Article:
While Guernsey has complete autonomy over internal affairs and certain external matters, the topic of complete independence from the British Crown has been discussed widely and frequently, with ideas ranging from Guernsey obtaining independence as a Dominion to the bailiwicks of Guernsey and Jersey uniting and forming an independent Federal State within the Commonwealth, whereby both islands retain their independence with regards to domestic affairs but internationally, the islands would be regarded as one state.
49°28′N 2°35′W / 49.467°N 2.583°W / 49.467; -2.583, Alderney, Guernsey, Herm, Sark, and some other smaller islands have a total area of 78 square kilometres (30 sq mi) and a coastline of about 50 kilometres (31 mi). By itself, the island of Guernsey has a total area of 63.4 square kilometres (24.5 sq mi). Guernsey is situated 50 kilometres (31 mi) west of France's Normandy coast and 120 kilometres (75 mi) south of Weymouth, England and lies in the Gulf of St Malo. Lihou, a tidal island, is attached to Guernsey by a causeway at low tide. The terrain is mostly level with low hills in southwest. The southeastern point is Jerbourg Point, used by the Germans during World War II. Elevation varies across the bailiwick from sea level to 114 m (374 ft) at Le Moulin on Sark. The highest point in mainland Guernsey is Hautnez (111 m (364 ft)), in Alderney at Le Rond But (101 m (331 ft)), in Jethou (76 m (249 ft)) and Herm (98 m (322 ft)). Natural resources include cropland.
Guernsey contains two main geographical regions, the Haut Pas, a high southern plateau, and the Bas Pas, a low-lying and sandy northern region. In general terms, the Haut Pas is the more rural of the two, while the Bas Pas is more residential and industrialised.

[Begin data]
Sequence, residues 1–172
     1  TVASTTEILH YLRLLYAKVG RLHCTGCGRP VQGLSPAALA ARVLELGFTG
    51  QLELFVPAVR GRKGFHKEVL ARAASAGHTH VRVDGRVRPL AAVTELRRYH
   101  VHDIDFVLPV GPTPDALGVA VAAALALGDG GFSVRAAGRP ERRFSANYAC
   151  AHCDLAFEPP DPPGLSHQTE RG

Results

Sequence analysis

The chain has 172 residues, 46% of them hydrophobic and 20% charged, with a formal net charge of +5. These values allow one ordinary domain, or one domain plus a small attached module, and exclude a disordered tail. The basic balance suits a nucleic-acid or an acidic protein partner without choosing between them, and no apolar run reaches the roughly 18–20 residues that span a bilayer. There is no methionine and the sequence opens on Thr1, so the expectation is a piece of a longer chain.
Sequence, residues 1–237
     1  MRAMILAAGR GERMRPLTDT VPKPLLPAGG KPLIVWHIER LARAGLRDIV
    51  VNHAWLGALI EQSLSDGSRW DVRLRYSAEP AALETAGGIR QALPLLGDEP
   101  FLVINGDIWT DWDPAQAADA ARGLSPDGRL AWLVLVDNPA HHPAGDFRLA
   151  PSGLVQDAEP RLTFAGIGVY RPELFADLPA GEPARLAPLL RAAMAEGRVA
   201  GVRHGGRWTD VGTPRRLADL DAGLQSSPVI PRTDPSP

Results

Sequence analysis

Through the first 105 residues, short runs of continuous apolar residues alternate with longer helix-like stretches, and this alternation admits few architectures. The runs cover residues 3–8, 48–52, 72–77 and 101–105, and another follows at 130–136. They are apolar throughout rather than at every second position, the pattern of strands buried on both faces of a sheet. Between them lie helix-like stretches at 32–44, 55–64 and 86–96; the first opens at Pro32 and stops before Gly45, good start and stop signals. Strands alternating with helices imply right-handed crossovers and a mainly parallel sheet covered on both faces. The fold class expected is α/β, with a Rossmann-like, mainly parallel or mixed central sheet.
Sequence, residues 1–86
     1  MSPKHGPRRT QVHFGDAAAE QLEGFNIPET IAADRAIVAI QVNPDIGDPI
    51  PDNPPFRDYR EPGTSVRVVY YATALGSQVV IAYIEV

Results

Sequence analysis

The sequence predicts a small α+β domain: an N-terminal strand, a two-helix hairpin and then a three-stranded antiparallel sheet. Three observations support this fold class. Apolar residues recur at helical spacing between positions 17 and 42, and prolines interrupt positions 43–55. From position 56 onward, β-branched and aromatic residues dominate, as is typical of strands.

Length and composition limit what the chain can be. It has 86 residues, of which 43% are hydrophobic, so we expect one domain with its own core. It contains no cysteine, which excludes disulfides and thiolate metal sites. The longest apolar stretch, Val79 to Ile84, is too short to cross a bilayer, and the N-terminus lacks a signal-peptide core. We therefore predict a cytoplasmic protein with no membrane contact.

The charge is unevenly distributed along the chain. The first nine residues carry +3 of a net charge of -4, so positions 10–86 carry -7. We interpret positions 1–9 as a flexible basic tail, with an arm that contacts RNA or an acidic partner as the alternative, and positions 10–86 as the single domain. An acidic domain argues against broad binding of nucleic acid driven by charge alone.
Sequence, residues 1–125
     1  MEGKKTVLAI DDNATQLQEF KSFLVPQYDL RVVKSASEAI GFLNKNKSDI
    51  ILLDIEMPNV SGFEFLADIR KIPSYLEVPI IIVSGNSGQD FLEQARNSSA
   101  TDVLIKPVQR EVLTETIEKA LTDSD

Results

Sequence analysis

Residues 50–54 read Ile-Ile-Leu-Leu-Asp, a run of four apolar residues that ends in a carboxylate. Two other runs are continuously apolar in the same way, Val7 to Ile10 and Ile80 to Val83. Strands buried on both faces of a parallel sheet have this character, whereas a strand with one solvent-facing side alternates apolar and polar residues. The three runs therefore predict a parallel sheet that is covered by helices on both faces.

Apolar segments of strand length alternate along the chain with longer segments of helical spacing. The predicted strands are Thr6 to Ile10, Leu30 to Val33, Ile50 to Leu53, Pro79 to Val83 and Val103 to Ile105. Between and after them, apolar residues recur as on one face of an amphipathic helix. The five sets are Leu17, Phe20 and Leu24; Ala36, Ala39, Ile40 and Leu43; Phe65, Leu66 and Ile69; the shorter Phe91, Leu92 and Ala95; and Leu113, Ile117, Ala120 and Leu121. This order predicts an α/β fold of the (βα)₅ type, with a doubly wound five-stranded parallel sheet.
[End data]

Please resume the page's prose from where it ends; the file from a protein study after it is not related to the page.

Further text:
The climate is temperate with mild winters and warm sunny summers. The warmest months are July and August, when temperatures are generally around 20 °C (68 °F) but occasionally reach 24 °C (75 °F). On average, the coldest month is February with an average weekly mean air temperature of 6 °C (42.8 °F). Average weekly mean air temperature reaches 16 °C (60.8 °F) in August. Snow rarely falls and is unlikely to settle, but is most likely to fall in February. The temperature rarely drops below freezing, although strong wind-chill from Arctic winds can sometimes make it feel like it. The rainiest months are December (average 108 mm (4.3 in)), November (average 98 mm (3.86 in)) and January (average 89 mm (3.50 in)). July is, on average, the sunniest month with 250 hours recorded sunshine; December the least with fifty hours recorded sunshine. 50% of the days are overcast.